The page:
Laos during the Vietnam War


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A map of modern day Laos, showing its location west of Vietnam

The Vietnam War did not remain within the borders of Vietnam. The conflict expanded into neighbouring countries like Laos and Cambodia, where North Vietnamese Army (NVA) and Viet Cong soldiers moved and operated, at times pursued by South Vietnamese and American forces. These interventions had a profound impact on the development of Laos and Cambodia. One significant outcome was the rise and expansion of nationalist-communist groups. Like the Vietnamese, Laotians and Cambodians had endured generations of colonial exploitation, foreign meddling and unwanted conflict. Vietnam’s nationalist and communist movement inspired the rise of the Pathet Lao in Laos and the Khmer Rouge in Cambodia. These groups would shape the destinies of their countries.


Laos is a landlocked country, sandwiched between China (north), Cambodia (south), Vietnam (east) and Thailand (west). Much of northern Laos is mountainous, difficult to cross and thinly populated. The majority of Laos’ agricultural and livestock production takes place in the country’s south or along the Mekong River, which forms Laos’ western border. Prior to the 19th century Laos was a jigsaw of regional kingdoms and ethnicities, not than a single state or homogenous society. Its history, trade and culture were shaped by its more powerful neighbours. Like Vietnam, Laos fell under French colonial control in the late 19th century. Laos lacked the natural resources, labour force and coastline of its neighbouring regions, however, so was never a profitable colony. As a consequence it was not as closely administered or developed as Vietnam. French colonial authority was concentrated in southern Laos; even at the height of the colonial period there were no more than a few hundred French officials in Laos.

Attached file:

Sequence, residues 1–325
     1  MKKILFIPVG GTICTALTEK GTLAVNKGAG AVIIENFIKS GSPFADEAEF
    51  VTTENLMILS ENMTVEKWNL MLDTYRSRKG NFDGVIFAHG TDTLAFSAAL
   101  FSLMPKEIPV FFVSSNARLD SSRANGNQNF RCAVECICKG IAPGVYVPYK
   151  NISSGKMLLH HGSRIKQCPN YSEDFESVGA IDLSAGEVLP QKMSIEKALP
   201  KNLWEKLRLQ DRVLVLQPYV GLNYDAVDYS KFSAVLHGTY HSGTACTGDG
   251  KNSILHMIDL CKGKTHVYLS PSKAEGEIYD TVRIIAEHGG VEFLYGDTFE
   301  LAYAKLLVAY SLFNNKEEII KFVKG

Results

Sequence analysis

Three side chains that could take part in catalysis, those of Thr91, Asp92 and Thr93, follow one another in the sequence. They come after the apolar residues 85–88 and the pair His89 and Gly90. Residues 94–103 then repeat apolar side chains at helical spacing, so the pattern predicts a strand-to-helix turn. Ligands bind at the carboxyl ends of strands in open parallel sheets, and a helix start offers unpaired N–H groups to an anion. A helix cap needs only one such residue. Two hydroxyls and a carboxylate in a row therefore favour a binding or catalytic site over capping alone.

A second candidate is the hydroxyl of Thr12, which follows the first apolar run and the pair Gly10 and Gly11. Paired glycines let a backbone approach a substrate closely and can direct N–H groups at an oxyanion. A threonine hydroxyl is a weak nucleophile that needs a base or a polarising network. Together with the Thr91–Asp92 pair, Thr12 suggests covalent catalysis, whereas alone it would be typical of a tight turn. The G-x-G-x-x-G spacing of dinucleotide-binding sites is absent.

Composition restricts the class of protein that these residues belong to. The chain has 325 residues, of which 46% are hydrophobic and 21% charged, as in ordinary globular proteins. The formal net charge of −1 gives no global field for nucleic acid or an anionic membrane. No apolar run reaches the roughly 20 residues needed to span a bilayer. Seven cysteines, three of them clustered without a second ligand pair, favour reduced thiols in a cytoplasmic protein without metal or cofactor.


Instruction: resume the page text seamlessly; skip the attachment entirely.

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Pathet Lao founder Prince Souphanouvong (left) with Ho Chi Minh

World War II helped stimulate Laotian nationalism, which rose in response to an aggressive Thailand and occupation by Japanese forces. Laos was not much affected by the war until early 1945, when Japanese troops took control of the Vichy French colonial regime and forced the Lao king, Sisavangvong, to declare independence. The French reasserted control of Laos in 1946, implementing a constitutional monarchy while working to improve infrastructure, particularly in transport and education. Despite these advances, this period was marked by frustration with foreign interference in Laotian affairs. One nationalist group, the Lao Freedom Front, was formed by Prince Souphanouvong, an admirer of Ho Chi Minh. In 1950 Souphanouvong and his colleagues formed the Pathet Lao (‘Lao Nation’), in effect a Laotian branch of the Viet Minh. In 1953 the Pathet Lao initiated a civil war in Laos, armed with logistic support, training and supplies from the Viet Minh.

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France’s General Salan with the future king of Laos, Sisavang Vatthana